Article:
Local Government Magazine
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Treading water

Regional councils, property owners and insurers remain stuck in limbo over how best to document and respond to data on our country’s most high-risk flood areas. Ruth Le Pla spoke with Landcare’s Patrick Walsh about the problems of gathering and sharing comparable flood risk data and making sure any final insurance scheme is fair to all.
Contractors, the Defence Force and NZTA put in an 18-day effort to rebuild and reopen the Waiho River Bridge at Franz Joseph after it was taken out by floods. The bridge is a vital link for the tourism-dependant West Coast.

When it comes to flood management there are no easy answers. The authority to manage flood risk is currently delegated to regional councils. But they are not obliged to publish flood risk data for property owners or insurers. Landcare senior economist and capability leader Patrick Walsh says some, but not all, regional councils provide data online detailing flood plains or other hazards. He tips Auckland as one of the better councils for sharing such data.

Yet, even when councils release flood data online, there is a high degree of variation in how they report the information.

“If you go on Auckland’s website and see a flood hazard layer, it might be a one-in-500-year flood risk layer. In other places, there could be a one-in-100-year risk of flood layer. So, it’s hard to compare across regional councils.”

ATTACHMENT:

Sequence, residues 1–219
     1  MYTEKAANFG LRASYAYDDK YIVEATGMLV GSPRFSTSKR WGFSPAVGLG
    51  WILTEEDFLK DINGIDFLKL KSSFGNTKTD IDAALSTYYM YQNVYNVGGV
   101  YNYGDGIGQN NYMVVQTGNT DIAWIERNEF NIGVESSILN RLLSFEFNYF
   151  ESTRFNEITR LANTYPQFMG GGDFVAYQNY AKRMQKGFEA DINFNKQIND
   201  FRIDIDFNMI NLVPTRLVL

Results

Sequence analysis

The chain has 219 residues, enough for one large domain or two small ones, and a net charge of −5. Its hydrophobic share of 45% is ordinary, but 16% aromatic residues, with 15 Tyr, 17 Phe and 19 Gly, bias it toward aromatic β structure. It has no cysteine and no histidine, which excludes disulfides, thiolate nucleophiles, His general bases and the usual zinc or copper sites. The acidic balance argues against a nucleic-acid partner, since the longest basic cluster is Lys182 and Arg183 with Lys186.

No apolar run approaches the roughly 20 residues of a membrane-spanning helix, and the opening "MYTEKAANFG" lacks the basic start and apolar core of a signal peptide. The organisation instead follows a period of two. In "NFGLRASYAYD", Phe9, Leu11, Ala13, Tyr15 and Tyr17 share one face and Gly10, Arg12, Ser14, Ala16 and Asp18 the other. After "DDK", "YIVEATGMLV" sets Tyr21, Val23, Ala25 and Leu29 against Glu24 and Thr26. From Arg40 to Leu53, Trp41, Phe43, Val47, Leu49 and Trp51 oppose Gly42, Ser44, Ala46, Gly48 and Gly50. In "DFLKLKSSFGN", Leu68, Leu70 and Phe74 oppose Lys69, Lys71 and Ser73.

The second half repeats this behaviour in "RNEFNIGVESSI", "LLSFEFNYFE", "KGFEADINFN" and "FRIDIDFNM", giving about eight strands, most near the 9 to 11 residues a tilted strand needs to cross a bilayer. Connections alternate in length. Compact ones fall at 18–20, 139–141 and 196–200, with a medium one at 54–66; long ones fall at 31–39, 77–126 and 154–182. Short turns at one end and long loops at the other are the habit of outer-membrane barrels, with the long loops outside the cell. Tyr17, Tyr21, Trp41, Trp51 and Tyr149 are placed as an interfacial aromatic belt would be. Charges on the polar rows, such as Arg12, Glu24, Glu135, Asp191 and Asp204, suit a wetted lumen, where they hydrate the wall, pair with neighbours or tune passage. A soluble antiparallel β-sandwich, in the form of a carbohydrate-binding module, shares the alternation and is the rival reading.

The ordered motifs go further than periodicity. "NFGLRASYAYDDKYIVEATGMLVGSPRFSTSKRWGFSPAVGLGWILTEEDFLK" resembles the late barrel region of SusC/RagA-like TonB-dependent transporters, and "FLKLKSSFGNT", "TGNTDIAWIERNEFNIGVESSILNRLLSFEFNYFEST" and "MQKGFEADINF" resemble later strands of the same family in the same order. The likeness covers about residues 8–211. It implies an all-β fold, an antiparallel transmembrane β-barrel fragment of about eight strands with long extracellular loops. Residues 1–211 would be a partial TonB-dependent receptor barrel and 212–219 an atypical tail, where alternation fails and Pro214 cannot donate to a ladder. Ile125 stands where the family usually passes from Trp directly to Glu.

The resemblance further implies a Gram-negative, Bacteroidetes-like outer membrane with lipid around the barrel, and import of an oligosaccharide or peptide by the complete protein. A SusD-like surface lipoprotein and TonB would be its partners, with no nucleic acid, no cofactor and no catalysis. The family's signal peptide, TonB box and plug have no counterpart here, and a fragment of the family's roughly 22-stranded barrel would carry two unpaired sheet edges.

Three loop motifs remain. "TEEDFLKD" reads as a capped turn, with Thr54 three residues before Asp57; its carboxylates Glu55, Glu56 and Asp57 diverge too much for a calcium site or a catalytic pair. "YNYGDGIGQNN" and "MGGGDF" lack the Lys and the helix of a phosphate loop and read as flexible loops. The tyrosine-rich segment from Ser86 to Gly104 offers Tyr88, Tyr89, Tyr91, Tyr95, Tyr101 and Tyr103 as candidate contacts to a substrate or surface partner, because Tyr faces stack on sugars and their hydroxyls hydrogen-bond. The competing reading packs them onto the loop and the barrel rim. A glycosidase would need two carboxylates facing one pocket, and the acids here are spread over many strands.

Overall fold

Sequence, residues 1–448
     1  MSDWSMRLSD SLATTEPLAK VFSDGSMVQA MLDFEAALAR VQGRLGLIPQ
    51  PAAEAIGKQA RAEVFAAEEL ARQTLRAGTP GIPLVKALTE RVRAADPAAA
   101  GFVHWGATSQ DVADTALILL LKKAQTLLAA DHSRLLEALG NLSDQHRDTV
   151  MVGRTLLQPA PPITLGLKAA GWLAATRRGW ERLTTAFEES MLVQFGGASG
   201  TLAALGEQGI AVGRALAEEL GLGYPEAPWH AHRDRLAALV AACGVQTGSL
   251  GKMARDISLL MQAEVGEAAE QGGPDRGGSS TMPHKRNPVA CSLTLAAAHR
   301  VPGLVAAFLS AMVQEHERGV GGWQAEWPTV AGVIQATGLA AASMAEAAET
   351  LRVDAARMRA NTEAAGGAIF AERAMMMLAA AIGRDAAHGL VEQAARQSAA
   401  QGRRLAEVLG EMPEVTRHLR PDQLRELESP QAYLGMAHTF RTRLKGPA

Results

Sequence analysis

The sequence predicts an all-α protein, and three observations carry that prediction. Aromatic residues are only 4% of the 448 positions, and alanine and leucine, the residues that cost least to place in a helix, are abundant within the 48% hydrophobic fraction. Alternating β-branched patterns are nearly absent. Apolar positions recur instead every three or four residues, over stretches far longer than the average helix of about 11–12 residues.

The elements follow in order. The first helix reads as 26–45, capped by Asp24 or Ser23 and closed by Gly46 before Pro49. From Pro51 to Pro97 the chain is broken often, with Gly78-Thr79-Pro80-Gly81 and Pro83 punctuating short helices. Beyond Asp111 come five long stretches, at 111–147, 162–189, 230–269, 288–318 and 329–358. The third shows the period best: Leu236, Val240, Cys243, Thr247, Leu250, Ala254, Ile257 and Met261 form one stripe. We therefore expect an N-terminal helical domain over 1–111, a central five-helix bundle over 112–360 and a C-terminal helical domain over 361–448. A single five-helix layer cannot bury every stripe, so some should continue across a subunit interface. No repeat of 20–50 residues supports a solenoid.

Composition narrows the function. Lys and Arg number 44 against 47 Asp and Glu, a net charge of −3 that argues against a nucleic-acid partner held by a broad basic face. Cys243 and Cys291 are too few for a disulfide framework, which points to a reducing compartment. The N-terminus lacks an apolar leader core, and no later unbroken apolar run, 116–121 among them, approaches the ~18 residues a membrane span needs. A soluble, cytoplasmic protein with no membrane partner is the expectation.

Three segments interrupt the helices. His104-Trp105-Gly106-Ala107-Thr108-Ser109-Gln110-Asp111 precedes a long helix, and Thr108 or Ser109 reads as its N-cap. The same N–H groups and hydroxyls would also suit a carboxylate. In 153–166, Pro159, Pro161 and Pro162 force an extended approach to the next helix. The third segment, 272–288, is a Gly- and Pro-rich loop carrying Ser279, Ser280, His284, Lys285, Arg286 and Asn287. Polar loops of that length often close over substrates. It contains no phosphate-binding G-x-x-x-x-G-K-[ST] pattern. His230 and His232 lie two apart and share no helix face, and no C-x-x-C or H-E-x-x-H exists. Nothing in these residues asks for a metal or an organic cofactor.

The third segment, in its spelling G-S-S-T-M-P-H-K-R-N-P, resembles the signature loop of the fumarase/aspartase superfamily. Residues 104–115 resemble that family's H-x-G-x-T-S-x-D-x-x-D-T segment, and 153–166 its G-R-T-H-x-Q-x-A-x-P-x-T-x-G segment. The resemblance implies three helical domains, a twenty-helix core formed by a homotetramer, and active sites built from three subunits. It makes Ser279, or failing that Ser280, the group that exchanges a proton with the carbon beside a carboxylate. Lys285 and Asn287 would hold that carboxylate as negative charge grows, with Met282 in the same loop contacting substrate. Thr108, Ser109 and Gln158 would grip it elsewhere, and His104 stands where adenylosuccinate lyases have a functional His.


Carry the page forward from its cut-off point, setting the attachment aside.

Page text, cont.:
Patrick was speaking with NZ Local Government Magazine at the recent Conferenz Urban Futures New Zealand Conference in Auckland. He had just presented a snapshot of his work to date in a paper titled Deep South Challenge: Flood management in rural areas – the location and effectiveness of flood schemes. He says he hopes to release the full paper around June this year.

Patrick says full and consistent data would be helpful for environmental Crown Research Institutes in helping prepare for any sea level rise.

It would also help regional councils compare their policies with each other’s and prove useful for think-tanks trying to see what the best overall policies might be.

Importantly, it would also help people make informed decisions about flood risks to any given property. In some places, the current system means anyone looking to invest in a property might have to pay for a separate LIM for each property they want to evaluate for flood risk. This can add up to considerable costs.

In the US, the Army Corps of Engineers releases nationwide flood plain data. So, people can very clearly see if their property is in a flood plain or not. This information dovetails with subsidised flood insurance programmes and means that people with a property in a flood plain will have to pay extra for their insurance.

“There is a general trend in New Zealand to be moving in that direction whereby you will be paying more for insurance in the future if you live in a flood plain,” says Patrick. Wellington-based economic and public policy institute Motu is currently researching the issue.